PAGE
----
Bronchiectasis is an abnormal widening of one or more airways. Extra mucus is made in the abnormal airways which is prone to infection. The main symptom is a cough which produces a lot of sputum. Treatment often includes regular physiotherapy and courses of antibiotics. Long-term antibiotic treatment is needed in some cases. Inhalers are sometimes used. Surgery is occasionally needed. You should not smoke as smoking can make things worse. Immunisation against flu and pneumococcus are advised.
Air passes into the lungs via the windpipe (trachea) which divides into a series of branching airways called bronchi.
Air passes from the bronchi into millions of tiny air sacs (alveoli). Oxygen from the air is passed into the bloodstream through the thin walls of the alveoli.
Tiny glands in the lining of the airways make a small amount of mucus. The mucus keeps the airways moist but also traps any dust and dirt in the inhaled air. There are many tiny hairs (cilia) on the surface of the cells lining the airways. The millions of cilia lining the airways sweep the mucus to the back of the throat to form sputum (phlegm) which is swallowed. Coughing also helps to clear the airways.
Bronchiectasis is a permanent abnormal widening (dilation) in one or more of the airways (bronchi). Extra mucus tends to form and pool in the parts of the airways that are widened. Widened airways with extra mucus are prone to infection.
The extent of bronchiectasis can vary greatly. There may be only one section of one airway that is widened and abnormal. At the other extreme, many airways may be widened. Many affected people fall somewhere between these extremes.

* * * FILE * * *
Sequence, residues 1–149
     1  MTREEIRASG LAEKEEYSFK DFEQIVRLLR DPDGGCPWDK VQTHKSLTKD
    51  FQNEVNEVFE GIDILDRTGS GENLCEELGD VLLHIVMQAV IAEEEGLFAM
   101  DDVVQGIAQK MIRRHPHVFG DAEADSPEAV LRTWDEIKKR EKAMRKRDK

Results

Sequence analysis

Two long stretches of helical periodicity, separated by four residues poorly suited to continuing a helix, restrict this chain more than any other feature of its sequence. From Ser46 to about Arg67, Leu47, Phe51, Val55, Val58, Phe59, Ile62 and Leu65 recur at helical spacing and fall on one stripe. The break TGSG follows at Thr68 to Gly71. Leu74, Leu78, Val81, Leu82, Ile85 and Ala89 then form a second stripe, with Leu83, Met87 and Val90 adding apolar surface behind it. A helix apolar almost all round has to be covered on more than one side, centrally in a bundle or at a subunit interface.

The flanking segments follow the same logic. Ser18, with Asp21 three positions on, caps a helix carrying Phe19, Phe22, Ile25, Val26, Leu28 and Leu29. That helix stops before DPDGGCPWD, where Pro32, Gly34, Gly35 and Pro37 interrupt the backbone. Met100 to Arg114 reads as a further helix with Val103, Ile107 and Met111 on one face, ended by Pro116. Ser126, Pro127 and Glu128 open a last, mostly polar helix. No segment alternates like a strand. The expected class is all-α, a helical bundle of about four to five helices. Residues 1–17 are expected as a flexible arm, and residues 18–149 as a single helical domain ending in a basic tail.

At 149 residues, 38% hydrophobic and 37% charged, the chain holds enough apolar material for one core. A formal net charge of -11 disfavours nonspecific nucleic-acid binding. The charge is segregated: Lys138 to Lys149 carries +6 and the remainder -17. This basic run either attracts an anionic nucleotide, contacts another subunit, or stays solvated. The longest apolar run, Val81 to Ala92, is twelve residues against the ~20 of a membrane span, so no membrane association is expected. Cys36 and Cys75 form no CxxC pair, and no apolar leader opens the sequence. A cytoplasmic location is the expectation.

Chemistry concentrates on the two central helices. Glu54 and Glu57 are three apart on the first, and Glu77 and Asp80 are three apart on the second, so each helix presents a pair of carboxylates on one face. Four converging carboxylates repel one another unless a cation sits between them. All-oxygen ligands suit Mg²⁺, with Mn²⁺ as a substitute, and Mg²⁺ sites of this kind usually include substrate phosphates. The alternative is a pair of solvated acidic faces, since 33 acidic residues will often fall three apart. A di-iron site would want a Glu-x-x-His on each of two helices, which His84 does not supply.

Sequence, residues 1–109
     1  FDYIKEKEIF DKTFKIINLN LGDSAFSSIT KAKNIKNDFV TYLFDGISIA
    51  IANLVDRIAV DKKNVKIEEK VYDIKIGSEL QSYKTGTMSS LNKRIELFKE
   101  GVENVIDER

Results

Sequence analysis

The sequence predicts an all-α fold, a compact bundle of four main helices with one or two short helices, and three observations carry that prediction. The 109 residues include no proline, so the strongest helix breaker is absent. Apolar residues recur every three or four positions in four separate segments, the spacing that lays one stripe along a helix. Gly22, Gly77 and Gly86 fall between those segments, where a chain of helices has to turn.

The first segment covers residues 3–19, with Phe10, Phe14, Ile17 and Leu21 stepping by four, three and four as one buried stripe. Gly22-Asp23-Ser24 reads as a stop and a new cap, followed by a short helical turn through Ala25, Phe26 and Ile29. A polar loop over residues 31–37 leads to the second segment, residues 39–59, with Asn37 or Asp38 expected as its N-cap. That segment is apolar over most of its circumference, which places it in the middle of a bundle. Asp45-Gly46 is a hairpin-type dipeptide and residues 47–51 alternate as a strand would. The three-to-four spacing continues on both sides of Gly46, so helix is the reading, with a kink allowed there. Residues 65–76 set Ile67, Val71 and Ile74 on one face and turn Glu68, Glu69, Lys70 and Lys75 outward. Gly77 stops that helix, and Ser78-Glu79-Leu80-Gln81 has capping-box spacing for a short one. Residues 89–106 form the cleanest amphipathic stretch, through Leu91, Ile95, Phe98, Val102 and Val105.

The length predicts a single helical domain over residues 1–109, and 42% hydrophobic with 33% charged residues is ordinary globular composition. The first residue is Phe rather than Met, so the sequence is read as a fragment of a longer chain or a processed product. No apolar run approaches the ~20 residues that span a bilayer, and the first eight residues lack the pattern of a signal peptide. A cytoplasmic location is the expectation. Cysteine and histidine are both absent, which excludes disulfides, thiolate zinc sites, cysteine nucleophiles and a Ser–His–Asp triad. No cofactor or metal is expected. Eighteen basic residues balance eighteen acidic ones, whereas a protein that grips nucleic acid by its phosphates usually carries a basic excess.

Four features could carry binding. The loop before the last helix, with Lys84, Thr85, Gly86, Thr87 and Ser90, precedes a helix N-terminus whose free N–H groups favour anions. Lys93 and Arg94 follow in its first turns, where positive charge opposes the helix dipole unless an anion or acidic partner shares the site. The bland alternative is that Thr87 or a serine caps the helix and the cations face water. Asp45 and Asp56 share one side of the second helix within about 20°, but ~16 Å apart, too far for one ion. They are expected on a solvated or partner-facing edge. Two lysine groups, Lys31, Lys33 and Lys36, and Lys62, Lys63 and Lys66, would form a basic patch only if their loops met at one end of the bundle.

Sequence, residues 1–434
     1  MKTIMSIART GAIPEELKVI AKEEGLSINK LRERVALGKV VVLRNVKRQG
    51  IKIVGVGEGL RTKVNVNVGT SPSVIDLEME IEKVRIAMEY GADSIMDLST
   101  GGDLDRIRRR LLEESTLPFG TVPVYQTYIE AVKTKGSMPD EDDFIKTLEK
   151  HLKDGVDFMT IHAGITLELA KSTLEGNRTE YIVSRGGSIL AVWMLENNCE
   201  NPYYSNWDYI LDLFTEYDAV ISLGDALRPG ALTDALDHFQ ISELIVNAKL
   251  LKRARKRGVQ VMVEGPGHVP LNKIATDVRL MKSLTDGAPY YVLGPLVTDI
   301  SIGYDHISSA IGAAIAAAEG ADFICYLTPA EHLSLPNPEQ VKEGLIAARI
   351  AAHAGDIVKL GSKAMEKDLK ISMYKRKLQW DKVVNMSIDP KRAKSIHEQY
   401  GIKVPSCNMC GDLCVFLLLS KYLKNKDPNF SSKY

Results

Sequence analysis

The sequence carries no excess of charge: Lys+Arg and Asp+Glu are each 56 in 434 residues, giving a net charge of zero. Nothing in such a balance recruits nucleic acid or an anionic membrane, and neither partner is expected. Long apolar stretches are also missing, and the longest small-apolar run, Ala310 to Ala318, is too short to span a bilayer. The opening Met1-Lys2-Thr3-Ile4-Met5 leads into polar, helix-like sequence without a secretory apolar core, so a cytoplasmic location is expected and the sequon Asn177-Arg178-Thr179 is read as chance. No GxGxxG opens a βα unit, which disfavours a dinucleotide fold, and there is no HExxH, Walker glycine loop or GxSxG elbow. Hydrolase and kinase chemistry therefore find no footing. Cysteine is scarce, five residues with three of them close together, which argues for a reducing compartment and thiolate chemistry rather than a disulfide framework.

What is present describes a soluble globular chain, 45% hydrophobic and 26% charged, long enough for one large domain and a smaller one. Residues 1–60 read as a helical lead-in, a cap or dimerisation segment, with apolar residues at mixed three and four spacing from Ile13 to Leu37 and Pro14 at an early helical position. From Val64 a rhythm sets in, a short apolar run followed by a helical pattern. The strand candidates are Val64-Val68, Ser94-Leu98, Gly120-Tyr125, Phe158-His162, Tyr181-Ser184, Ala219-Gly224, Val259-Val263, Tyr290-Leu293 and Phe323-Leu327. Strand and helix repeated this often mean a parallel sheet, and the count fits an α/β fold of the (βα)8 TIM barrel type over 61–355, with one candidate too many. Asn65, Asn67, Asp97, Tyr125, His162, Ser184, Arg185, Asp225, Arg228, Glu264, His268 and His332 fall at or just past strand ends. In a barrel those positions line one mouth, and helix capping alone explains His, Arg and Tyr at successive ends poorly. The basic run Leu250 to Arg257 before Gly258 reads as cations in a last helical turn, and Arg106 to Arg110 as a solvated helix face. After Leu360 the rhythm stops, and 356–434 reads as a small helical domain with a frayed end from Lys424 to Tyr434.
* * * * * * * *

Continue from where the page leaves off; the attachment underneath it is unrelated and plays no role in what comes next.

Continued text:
The widened parts of the airways are damaged and inflamed. This causes extra mucus to form which is less easily cleared. These parts of the airways are also more floppy and liable to collapse inwards which may affect airflow through the affected airways. The severity of symptoms depends on how many of the airways are affected and how badly.
The lung tissue next to a badly inflamed section of airway may also become inflamed and damaged.
The cause is often not clear and no cause can be found in over half of cases. An underlying cause is found in about 4 in 10 cases. Some conditions that affect or damage airways can cause bronchiectasis. Examples include the following:
About one in a thousand people in the UK has bronchiectasis. In fact, the figure may be higher as it is thought that about a quarter of people diagnosed with chronic pulmonary obstructive disease (another long-term lung condition which used to be called chronic bronchitis) may actually have bronchiectasis.
The severity of symptoms varies greatly:
If your symptoms suggest bronchiectasis then the diagnosis can be confirmed by a CT scan. A CT scan is like a detailed X-ray test. A CT scan can determine the width of the bronchi. Widened bronchi seen on a CT scan confirm bronchiectasis. Various other tests may be advised if an underlying cause is suspected.
Your doctor may advise one or more of the following. The treatment options chosen may depend on the severity of the condition.
Antibiotics are the mainstay of treatment. If you have mild bronchiectasis, you are likely to need a course of antibiotics every now and then to clear chest infections as and when they occur. Antibiotics may not be necessary if your sputum changes colour to green. But, if your cough or breathlessness gets worse or you start to feel generally unwell, your doctor may advise them.